Desiree Greenwood

Her work as a Direct Support Professional and now as a Medication Assistant at Pony Bird provides an ideal training ground for someone working toward a degree in nursing, but Desiree Greenwood says it’s the individuals she gets to care for who are her real motivation.

“You can see it in their faces,” Desiree says. “They truly love the people who take care of them. They light up when you come into the room.”

A student at Chamberlain School of Nursing, Desiree has been caring for individuals with intellectual and physical disabilities at Pony Bird for four years. She started as a DSP before receiving her certification as a MA1. Previously she had worked as an aide in nursing homes.

“The people we take care of here are not sick or unhealthy. They have disabilities and rely on us for living their daily lives. You can see how much it means to them. The work we do for the individuals makes their whole lives better,” Desiree says. “You can see it in the way they smile.”

In addition to the certification training she received to become an MA1, Desiree says she also received guidance from others who work along side her.

“I was lucky to be trained by one of the best nurses ever here,” she says. “She was so thorough. When I got out onto the floor I was confident.”

The other learning curve at Pony Bird is getting to know the residents individually. That comes from spending time together just like any other friendship.

“There’s no training for that. You just have to be yourself and let them get to know you while they let you get to know them and become a part of their lives,” Desiree says. “Like anyone else you have to build that relationship, allow them to open up to you and share yourself with them. You become invested in their lives.”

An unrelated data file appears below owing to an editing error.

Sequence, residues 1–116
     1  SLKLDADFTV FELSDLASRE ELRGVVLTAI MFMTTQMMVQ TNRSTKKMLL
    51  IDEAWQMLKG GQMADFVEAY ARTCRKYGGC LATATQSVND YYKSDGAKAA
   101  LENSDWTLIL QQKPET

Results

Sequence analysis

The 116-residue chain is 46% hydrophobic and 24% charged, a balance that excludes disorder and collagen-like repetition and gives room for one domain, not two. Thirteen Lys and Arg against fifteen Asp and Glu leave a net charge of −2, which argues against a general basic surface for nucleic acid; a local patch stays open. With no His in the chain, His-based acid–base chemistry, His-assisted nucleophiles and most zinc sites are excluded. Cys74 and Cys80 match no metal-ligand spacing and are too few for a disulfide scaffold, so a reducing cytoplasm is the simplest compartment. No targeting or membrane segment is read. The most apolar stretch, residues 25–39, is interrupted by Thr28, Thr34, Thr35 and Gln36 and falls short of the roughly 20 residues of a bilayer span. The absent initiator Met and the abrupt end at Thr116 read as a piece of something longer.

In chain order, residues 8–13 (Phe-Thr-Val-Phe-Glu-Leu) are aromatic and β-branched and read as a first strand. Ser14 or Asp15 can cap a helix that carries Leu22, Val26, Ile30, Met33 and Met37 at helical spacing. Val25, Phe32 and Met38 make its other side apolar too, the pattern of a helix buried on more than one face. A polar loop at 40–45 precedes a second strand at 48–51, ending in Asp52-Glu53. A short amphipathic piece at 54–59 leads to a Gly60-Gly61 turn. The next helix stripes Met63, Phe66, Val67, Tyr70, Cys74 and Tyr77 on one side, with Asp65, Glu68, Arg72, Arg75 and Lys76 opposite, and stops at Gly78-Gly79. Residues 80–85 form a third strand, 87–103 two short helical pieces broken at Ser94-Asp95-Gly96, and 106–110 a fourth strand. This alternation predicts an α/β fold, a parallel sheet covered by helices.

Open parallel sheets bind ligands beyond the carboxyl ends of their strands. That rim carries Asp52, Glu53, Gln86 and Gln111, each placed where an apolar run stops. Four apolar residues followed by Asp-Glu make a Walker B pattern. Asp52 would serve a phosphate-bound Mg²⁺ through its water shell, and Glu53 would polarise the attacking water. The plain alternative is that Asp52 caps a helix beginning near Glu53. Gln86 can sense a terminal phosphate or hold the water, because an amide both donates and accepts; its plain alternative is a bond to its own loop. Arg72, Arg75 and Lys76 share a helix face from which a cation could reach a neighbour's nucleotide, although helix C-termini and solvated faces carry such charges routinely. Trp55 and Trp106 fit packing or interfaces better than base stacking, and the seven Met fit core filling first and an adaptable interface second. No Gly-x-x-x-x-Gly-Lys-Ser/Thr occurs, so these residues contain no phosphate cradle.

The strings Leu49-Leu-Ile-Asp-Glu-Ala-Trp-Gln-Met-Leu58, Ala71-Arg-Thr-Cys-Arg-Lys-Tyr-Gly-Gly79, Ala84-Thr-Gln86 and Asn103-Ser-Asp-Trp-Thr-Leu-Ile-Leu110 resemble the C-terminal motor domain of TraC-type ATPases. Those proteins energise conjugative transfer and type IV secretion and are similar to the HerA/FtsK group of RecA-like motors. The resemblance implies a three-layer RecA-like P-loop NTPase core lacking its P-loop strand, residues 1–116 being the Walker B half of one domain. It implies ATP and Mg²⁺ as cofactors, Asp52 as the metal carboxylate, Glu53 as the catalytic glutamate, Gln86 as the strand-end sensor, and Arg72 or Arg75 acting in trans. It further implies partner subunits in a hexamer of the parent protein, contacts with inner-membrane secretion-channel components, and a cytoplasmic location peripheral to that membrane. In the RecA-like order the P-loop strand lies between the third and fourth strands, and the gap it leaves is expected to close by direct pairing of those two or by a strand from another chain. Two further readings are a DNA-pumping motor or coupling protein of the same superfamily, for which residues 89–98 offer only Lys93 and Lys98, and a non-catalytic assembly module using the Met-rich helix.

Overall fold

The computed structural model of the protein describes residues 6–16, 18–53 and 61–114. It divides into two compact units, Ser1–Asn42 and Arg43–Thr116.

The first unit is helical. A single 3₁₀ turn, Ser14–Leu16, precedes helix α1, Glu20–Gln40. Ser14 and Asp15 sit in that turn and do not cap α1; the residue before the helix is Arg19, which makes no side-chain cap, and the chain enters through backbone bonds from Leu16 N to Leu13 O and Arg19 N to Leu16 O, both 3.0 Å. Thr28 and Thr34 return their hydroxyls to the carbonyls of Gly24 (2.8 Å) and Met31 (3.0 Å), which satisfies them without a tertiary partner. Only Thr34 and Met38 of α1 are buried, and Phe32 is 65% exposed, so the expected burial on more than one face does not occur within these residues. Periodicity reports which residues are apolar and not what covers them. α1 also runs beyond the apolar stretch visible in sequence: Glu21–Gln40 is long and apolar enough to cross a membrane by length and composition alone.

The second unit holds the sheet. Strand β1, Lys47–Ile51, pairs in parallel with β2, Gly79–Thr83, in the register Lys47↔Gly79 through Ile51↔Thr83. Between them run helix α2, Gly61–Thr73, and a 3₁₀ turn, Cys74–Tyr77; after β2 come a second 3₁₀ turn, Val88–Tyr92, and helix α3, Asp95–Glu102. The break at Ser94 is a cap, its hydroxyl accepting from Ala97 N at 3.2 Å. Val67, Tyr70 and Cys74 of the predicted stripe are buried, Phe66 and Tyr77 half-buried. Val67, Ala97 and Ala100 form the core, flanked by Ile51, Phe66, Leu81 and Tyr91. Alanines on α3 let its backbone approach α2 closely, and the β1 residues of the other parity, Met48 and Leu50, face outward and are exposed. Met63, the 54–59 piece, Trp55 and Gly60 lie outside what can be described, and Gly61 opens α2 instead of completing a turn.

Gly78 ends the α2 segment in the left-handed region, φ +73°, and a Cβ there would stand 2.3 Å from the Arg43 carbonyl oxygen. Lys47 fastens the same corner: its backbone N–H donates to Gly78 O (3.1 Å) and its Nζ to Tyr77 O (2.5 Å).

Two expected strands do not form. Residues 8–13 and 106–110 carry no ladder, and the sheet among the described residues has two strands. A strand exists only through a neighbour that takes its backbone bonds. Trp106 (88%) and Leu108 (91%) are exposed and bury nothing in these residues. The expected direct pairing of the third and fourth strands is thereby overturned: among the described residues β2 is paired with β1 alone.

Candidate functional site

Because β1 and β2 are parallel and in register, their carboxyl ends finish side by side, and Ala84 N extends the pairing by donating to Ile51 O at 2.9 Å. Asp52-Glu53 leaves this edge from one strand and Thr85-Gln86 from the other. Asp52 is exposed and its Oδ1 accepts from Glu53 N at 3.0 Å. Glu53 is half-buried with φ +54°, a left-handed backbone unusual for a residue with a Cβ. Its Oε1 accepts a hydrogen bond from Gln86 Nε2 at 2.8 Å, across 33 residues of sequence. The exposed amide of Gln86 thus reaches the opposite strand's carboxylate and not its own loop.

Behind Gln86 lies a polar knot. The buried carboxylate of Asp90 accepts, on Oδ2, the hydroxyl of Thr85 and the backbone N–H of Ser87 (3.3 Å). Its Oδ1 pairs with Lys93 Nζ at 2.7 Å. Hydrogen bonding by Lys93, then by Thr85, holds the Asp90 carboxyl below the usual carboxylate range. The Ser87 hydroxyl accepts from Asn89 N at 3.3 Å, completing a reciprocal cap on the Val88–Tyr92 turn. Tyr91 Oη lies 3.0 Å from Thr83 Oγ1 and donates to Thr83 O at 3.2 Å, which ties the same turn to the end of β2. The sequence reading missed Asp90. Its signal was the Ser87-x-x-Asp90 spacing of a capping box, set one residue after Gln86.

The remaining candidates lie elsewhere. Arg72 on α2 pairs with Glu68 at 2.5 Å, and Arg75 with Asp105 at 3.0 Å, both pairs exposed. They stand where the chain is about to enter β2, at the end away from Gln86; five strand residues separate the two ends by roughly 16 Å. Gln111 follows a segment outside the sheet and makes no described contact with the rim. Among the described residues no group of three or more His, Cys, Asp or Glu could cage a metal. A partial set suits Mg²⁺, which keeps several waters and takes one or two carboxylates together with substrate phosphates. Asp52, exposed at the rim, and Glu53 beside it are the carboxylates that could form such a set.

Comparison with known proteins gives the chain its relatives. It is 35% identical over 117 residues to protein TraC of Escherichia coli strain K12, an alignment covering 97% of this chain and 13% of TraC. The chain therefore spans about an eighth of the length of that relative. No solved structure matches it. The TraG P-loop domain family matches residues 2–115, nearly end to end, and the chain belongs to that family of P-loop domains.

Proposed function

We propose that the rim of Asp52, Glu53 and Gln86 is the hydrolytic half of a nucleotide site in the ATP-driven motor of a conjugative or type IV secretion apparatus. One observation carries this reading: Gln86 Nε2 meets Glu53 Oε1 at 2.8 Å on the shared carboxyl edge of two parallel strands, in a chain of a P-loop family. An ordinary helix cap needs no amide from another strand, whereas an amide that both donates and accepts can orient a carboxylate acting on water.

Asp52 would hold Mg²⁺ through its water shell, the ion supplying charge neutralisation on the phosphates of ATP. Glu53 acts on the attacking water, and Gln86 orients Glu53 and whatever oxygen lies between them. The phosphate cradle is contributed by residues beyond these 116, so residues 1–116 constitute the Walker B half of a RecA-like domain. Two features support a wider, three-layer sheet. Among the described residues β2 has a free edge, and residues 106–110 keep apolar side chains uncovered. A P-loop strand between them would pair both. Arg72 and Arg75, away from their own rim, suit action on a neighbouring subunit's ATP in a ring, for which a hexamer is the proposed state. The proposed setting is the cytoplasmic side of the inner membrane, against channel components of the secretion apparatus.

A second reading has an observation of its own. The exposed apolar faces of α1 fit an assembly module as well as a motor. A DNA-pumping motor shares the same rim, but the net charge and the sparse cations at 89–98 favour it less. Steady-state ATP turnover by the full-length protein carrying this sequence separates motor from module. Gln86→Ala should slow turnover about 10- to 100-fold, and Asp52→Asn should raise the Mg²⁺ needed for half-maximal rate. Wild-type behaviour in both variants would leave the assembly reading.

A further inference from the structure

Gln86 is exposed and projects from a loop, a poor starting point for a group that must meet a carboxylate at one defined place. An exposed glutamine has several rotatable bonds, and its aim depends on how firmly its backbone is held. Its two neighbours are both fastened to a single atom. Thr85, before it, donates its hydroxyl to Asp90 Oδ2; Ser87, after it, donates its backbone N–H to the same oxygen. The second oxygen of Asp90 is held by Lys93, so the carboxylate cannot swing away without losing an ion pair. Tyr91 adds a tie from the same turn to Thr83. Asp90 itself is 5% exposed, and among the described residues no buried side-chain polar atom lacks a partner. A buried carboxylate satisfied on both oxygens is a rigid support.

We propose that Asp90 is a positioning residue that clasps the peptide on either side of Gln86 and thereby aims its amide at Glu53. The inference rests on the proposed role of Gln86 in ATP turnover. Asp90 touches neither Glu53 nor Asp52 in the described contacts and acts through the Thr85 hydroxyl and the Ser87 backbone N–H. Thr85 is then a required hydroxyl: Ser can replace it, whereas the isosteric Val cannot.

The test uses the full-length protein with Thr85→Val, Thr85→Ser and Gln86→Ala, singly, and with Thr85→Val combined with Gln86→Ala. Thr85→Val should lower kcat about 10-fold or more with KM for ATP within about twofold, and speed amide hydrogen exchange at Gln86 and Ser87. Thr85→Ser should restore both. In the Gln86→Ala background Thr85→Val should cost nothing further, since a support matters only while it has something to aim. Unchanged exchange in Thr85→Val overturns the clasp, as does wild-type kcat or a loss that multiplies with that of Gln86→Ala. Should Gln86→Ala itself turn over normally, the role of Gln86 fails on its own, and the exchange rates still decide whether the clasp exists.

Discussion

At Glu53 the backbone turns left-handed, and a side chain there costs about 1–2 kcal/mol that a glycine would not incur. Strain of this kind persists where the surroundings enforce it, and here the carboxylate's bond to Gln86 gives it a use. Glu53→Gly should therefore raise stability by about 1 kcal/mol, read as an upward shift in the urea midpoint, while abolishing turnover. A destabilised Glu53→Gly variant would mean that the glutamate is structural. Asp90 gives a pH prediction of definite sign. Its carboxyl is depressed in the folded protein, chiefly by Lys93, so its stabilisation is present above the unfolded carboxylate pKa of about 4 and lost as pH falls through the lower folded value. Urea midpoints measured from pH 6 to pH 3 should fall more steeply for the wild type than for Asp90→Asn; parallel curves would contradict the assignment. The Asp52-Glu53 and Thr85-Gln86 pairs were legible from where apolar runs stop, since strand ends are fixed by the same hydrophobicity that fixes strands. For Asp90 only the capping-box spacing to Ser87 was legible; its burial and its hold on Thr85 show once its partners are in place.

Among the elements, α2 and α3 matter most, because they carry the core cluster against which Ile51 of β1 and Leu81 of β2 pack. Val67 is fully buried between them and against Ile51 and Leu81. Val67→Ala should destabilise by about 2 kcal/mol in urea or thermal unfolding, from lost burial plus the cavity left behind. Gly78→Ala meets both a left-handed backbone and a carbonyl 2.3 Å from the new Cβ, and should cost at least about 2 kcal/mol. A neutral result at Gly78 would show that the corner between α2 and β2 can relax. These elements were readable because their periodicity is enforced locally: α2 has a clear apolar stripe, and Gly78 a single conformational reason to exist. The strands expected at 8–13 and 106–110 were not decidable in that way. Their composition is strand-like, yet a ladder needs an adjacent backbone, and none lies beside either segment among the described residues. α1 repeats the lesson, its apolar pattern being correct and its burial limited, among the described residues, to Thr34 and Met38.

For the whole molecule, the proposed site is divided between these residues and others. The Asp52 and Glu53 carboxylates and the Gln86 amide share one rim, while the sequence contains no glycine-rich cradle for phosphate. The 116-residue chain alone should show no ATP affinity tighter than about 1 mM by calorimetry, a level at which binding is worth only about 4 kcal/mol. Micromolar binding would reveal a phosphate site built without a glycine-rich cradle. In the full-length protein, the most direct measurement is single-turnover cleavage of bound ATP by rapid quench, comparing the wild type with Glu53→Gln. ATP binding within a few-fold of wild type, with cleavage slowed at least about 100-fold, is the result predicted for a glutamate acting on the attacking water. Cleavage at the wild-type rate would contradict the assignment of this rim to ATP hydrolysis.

Getting to know individuals with disabilities has allowed her to grow personally, she says.

“I’m a lot more open minded. When I’m out in public, and I see people who have disabilities, I recognize them as people,” Desiree says. “I can see it in my 4-year-old daughter. It has opened her up to a lot of understanding to the needs of others. I’m so glad I have been able to introduce her to the people here. I think that’s the same for many families here.”

Spreading that message to the community also helps everyone involved.

“People sometimes make judgments for no reason at all. The individuals at Pony Bird are loving people with disabilities,” she says. “They are just like everyone else. They have feelings and emotions. They mature in their own ways. No two people go from teenager to adult in the same way. They are no different. People judge them because they don’t know them.”

Working with people who need care and assistance with their physical well-being is an advantage for a nursing school student.

“I get a lot of experience with the medical terminology, and all the hands-on training helps,” Desiree says. “I have been able to familiarize myself with medications and their possible interactions. I have learned different styles of feeding and how to recognize when someone isn’t feeling well.”

The idea of a future in caring for others began with career classes she took when she was in high school.

“The more I learned about nursing, it just kind of fit for me. I like taking care of people,” she says.

The role of DSP allows the direct care staff to provide much more than just daily care for people who need assistance.

“It’s beyond what you know. It’s not just the physical tasks. You find a friend you can get to know personally,” Desiree says. “This is not just a job. It’s about getting to know people. It’s about community.”